The race car’s engine will be capped at 500 horsepower and 7,000 rpm to satisfy Balance of Performance GT3 racing rules meant to encourage close racing. The production engine, however, is undeterred by such requirements and spins to 8,600 rpm to make its 670 horses. Notably, Corvette will not use the hybrid drivetrain from the Corvette E-Ray race car recently introduced for the 2024 model year. GM is focusing its hybrid race development on the Cadillac GTP prototype. Hybrids aren’t allowed in GT3 racing — Acura’s all-wheel-drive NSX hybrid, for example, shed its electric motors for a simpler, RWD, twin-turbo V-6 powertrain.

Customers of the Corvette Racing “franchise” will benefit from a support program. That includes an at-track parts truck expanding to overseas events in the first two years of the Z06 GT3.R program. Corvette Racing will carry full spares packages of bodywork and internal components while engineers will assist teams with pre-race documentation, chassis setup and data analysis.

The Chevy Corvette GT3. R features major aerodynamics upgrades to help it stick to the ground at tracks like Daytona International Speedway.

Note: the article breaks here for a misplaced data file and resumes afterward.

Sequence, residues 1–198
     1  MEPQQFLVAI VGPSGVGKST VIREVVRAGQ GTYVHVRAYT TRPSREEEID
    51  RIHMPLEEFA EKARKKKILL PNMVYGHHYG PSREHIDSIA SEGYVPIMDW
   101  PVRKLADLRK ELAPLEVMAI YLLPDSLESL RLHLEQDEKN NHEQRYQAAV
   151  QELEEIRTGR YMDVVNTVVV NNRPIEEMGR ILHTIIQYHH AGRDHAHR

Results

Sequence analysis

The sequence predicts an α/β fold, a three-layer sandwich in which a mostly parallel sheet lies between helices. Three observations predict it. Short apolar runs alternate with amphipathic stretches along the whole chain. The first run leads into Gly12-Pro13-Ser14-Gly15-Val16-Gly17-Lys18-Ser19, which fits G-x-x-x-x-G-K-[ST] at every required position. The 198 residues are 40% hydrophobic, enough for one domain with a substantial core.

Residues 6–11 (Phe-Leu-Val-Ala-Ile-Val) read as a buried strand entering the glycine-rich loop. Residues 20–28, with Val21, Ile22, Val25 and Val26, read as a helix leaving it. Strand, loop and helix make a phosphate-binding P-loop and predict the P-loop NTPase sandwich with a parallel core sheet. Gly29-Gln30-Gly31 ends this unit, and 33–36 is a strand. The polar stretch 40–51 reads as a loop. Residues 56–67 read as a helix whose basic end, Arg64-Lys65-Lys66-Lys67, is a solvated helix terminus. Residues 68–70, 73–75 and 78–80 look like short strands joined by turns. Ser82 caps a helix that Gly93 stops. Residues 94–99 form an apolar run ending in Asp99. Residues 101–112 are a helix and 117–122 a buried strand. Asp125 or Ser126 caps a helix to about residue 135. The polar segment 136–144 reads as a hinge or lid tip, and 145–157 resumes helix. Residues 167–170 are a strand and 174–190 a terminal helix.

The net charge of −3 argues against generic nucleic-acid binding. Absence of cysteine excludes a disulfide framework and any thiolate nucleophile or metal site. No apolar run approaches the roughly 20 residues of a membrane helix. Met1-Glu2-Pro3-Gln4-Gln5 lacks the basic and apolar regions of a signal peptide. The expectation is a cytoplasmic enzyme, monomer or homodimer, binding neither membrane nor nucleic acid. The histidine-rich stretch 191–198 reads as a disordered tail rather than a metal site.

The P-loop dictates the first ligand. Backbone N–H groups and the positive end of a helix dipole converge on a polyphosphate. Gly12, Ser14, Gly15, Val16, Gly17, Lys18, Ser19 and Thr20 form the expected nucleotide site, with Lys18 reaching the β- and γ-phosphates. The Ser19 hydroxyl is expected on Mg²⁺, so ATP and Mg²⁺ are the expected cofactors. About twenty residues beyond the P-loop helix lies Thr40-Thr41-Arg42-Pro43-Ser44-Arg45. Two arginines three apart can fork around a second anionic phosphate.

“Supporting our customers is an area where we are putting in a lot of time and effort,” said Christie Bagne, GM assistant sports car racing program manager. “With this being our first customer GT3 offering, we have had meetings with many prospective customers to learn from their previous experiences, find what is important to them from a support standpoint and come up with a program that meets their expectations.”

“This has been an intense but very rewarding process,” said Klauser. “From the time we announced a Corvette GT3 car, I’ve received more inquiries than I can count. It’s a testament to a known product like Corvette, the minds behind design, development and build, and the success of Corvette Racing.”

Henry Payne is auto critic for The Detroit News. Find him at hpayne@detroitnews.com or Twitter @HenryEPayne.